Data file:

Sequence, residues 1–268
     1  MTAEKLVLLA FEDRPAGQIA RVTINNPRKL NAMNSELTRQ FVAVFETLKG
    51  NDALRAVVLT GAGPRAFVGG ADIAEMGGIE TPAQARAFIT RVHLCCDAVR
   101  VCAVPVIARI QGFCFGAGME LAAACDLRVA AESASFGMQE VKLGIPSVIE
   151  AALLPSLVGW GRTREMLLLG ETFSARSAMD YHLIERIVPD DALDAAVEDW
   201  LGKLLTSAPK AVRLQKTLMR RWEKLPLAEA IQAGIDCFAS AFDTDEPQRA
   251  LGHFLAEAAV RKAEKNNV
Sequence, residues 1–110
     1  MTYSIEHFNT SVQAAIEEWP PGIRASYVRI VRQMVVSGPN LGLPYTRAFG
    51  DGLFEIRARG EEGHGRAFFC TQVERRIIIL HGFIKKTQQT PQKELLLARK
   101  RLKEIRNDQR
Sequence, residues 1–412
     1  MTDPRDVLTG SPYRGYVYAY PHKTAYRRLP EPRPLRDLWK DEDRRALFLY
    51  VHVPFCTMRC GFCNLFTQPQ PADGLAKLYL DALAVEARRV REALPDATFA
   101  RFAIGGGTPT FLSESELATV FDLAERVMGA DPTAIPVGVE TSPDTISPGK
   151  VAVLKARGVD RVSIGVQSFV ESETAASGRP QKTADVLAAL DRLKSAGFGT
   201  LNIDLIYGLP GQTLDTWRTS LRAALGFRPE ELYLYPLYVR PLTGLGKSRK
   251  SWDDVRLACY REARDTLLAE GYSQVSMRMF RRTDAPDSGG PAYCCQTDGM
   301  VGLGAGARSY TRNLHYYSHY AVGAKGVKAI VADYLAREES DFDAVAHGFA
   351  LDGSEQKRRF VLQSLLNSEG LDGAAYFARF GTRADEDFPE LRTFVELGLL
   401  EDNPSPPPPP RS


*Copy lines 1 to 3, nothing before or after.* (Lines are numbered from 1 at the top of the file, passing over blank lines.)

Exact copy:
Sequence, residues 1–268
     1  MTAEKLVLLA FEDRPAGQIA RVTINNPRKL NAMNSELTRQ FVAVFETLKG
    51  NDALRAVVLT GAGPRAFVGG ADIAEMGGIE TPAQARAFIT RVHLCCDAVR